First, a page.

Staff at the Rio Cinema are to strike over low rates of pay and compulsory redundancies.
In a ballot on Wednesday (11 May), cinema workers voted to take industrial action, with the walk out set to take place on 25 May.
Employees are seething over the cinema’s reluctance to pay the London Living Wage (LLW) – currently set at £9.40 an hour – a figure regarded as the basic cost of living in the capital.
Last month cinema bosses announced a restructure that offers higher wages but which cuts hours and staff to pay for it.
The disgruntled workers have launched the SOS Rio campaign, and an online petition has attracted 2,250 supporters, including the likes of Hackney director Asif Kapadia and the actor Zawe Ashton.
The Rio employs 30 members of staff, many of whom work on a part-time or casual basis.
Two thirds of the cinema’s staff are in BECTU, the media and entertainment trade union.
In the ballot on Wednesday, 13 employees voted in favour of strike action, with seventy per cent of BECTU members casting their vote.
The strikers’ demands include a pay rise for all staff and commitment to the LLW, the withdrawal of the cinema’s restructure and threat of compulsory redundancies, as well as a “detailed five-year plan from the board on how they intend to grow the cinema as a community resource for low income families”.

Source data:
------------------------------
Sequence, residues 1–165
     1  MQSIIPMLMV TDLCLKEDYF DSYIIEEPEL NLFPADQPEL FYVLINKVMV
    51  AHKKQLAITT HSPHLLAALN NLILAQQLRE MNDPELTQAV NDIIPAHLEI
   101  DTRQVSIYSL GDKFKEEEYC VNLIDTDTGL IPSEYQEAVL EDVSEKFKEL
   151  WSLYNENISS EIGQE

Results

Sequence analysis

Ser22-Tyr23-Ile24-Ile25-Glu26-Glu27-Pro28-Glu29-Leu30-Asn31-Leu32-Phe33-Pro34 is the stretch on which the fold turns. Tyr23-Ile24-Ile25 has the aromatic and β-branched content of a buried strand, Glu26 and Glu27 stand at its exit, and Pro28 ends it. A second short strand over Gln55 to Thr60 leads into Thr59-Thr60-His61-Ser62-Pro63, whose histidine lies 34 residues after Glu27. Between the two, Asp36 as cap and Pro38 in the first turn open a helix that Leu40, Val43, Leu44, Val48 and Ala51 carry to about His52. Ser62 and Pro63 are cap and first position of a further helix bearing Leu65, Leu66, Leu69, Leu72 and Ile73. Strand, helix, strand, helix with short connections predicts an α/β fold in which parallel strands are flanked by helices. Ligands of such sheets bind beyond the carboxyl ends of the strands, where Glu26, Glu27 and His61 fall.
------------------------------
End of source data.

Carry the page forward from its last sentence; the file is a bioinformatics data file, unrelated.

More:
“What started out as a simple pay dispute has turned into a passionate ideological battle over the soul of one of the last community cinemas in London,” said Sofie Mason, national official of BECTU.
“Staff want change but not change that rips the heart out of the Rio.”
The Rio Cinema’s executive director Oliver Meek said he was “at a loss” over the planned strike.
“I’m incredibly frustrated by this,” Mr Meek said. “I’ve already confirmed with staff that the vast majority would go from the minimum wage, which is currently £7.40, to 12.5 per cent above that to £8.10 an hour.
”It’s not the London Living Wage, and whilst I agree we should be paying the London Living Wage, we can’t do that when the cinema is not financial viable.
“The salary I’m proposing is more than many other independent cinemas pay, and this is really a first step.”
Mr Meek, who became the cinema’s executive director last year, has hatched a “regeneration plan” for the Rio, which would add a second screen and make the ailing business more sustainable.
“If we had a second screen we’d be able to pay the London Living Wage – which is what we should be doing,” he said.
“But effectively I’ve taken on a cinema that’s been failing for a decade so I’m not able to do so at this point,” he said.
The long-running dispute over pay dates back to 2013, when the cinema’s board announced the cinema was close to going under.
Staff agreed to a pay cut of 10 per cent over seven months, which, along with public donations, saved the cinema.
Then in October 2015 staff asked for a pay rise for all employees, as well as repayment of the 10 per cent wage cut from 2013.
However cinema bosses offered an increase to just £8.10 per hour for the lowest paid, which led to the collapse of talks in March.